Cooling – Evaporative Cooling
Evaporative cooling capitalizes on the cooling effect produced by the evaporation of water. Cooling towers used with water-cooled chillers employ the principles of evaporation to reject heat from chiller systems.
Three types of evaporative cooling are commonly in use.
- Direct evaporative cooling – Changes water to vapor using the heat in the air to evaporate the water. Warm dry incoming air is changed to cool moist air delivered to the space to be conditioned.
- Indirect evaporate cooling – Uses a heat exchanger to transfer the heat of the space to be conditioned to the cool moist air. The cool moist air never enters the conditioned area.
- Indirect-Direct or Two-Stage evaporative cooling – Combines indirect cooling by using a heat exchanger to pre-cool incoming air (first stage) with direct cooling, whereby the pre-cooled air is further cooled as it picks up moisture as it passes through a water-soaked media (second stage). Since cooler air holds less moisture, less humidity is added to the air that enters the conditioned space.
Because evaporative coolers turn warm dry air into cooler moist air, they are best suited to areas or purposes where the air is hot and the humidity is low or moderate. In humid areas, the additional moisture added to the air by evaporative cooling may increase humidity levels to a point that is too high for comfort. Dry, hot areas with sufficient water supply such as Denver, Phoenix, El Paso and other desert, southwestern and/or mountainous states can more effectively employ evaporative cooling. The following industries can also benefit from the cost-effectiveness of evaporative cooling:
- Industrial plants
- Commercial kitchens
- Dry cleaners
- Spot cooling for loading docks, warehouses, factories, construction sites, workshops, garages and kennels
- Confinement farming such as poultry and hog ranches and dairies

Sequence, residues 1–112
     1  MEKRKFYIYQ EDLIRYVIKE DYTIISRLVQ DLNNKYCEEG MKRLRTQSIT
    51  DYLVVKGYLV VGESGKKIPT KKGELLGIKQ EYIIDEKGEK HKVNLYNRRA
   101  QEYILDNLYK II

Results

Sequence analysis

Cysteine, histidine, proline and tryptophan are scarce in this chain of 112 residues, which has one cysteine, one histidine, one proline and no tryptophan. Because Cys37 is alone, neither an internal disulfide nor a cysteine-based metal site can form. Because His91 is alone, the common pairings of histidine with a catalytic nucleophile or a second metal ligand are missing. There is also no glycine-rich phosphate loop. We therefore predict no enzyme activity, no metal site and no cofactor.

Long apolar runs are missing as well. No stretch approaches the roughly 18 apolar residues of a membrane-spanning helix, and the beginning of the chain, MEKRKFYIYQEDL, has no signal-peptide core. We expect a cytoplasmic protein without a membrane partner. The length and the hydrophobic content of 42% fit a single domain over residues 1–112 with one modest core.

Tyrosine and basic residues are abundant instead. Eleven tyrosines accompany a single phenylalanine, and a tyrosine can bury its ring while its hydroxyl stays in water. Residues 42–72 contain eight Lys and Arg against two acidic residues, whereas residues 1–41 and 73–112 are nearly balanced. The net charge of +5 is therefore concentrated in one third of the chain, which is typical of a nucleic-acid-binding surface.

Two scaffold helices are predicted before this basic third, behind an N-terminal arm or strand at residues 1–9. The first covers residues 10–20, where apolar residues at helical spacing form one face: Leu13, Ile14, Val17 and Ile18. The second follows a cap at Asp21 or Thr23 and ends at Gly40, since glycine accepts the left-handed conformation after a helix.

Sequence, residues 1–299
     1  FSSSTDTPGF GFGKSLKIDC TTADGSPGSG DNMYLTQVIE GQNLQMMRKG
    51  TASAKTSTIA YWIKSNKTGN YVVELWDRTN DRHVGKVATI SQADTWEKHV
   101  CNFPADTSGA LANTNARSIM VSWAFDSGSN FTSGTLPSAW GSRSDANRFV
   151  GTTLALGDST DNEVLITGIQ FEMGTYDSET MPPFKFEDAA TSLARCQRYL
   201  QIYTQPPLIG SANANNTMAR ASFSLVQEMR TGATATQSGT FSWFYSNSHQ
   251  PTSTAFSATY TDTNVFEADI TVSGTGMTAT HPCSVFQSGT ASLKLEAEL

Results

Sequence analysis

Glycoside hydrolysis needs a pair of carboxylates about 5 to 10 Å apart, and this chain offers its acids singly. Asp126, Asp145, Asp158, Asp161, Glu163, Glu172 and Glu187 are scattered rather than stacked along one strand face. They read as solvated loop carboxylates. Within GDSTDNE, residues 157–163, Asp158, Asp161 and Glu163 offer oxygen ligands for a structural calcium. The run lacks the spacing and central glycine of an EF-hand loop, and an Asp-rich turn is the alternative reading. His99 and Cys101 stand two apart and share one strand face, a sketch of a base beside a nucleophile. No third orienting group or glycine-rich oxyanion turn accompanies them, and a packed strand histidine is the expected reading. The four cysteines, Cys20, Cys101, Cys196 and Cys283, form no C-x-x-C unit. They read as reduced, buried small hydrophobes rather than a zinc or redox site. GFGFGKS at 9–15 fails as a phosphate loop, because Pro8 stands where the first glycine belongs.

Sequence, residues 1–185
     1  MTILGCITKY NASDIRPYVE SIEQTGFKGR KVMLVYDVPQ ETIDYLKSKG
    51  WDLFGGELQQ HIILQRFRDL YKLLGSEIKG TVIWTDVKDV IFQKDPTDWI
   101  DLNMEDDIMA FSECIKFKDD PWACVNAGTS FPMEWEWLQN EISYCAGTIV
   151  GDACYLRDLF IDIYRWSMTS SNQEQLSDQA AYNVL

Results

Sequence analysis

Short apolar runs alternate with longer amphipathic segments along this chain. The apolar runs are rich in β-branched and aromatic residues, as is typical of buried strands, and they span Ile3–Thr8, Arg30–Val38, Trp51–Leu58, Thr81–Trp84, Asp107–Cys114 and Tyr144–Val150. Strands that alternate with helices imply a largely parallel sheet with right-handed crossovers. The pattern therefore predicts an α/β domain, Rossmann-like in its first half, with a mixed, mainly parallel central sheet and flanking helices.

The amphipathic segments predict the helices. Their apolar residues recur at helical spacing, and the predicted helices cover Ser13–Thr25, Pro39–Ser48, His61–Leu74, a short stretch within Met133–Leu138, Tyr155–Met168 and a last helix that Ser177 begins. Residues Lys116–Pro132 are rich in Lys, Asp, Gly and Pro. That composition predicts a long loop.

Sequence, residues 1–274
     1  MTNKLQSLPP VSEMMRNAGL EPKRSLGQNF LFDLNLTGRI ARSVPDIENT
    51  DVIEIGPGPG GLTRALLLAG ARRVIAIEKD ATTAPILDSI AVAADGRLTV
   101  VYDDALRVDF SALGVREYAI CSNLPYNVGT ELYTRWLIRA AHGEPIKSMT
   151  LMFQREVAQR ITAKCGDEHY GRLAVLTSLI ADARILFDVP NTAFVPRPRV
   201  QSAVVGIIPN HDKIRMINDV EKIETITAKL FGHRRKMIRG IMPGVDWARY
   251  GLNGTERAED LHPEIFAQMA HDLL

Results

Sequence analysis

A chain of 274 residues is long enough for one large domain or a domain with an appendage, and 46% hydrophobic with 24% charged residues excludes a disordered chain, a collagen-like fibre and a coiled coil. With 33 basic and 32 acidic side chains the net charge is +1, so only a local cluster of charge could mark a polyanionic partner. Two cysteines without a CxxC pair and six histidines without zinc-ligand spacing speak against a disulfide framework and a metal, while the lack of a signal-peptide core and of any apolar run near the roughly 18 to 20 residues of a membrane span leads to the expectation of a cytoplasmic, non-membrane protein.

How It Works
The typical evaporative cooler consists of a fan or blower, electric blower motor with pulleys, a water pump and evaporative cooling pads. Cooling pads can be made of wood wool or fiber, plastics or melamin paper. Greater efficiency is achieved with thicker pads.
Energy or heat is required to transition water from its liquid state to a vaporous condition. As hot, dry outside air passes through the water-soaked cooling pads, it evaporates the water from the pads, which lowers the temperature of the air and produces a cooling effect.
Evaporative coolers can be mounted on the roof or sidewalls of a building. Inside air is not recirculated through the system so large vents are required to move inside air to the outside.
Advantages/Disadvantages of Evaporative Systems
In the appropriate application, evaporative cooling can be a real cost saver. Estimated cost for installation is 1/8 to 1/2 that of vapor compression systems and operating costs can be 1/4 the cost. Evaporative systems require only minimal power to operate the fan and water pump.
Evaporative systems can improve air quality due to the constant, high flow of outside air. However, adequate filtering is needed to prevent the intake of pollen, odors and other outdoor contaminants.
Care must be taken to avoid the pitfalls of any water intensive system such as mineral deposits on system parts, freezing of water lines and components, and water borne bacteria such as Legionnaire’s disease.
Evaporative cooling produces humidity levels of 80% to 90%, which in hot, dry climates can improve comfort for building occupants. However, higher humidity levels can also accelerate corrosion and create condensation that can damage building components, electronic equipment, and wood and paper products.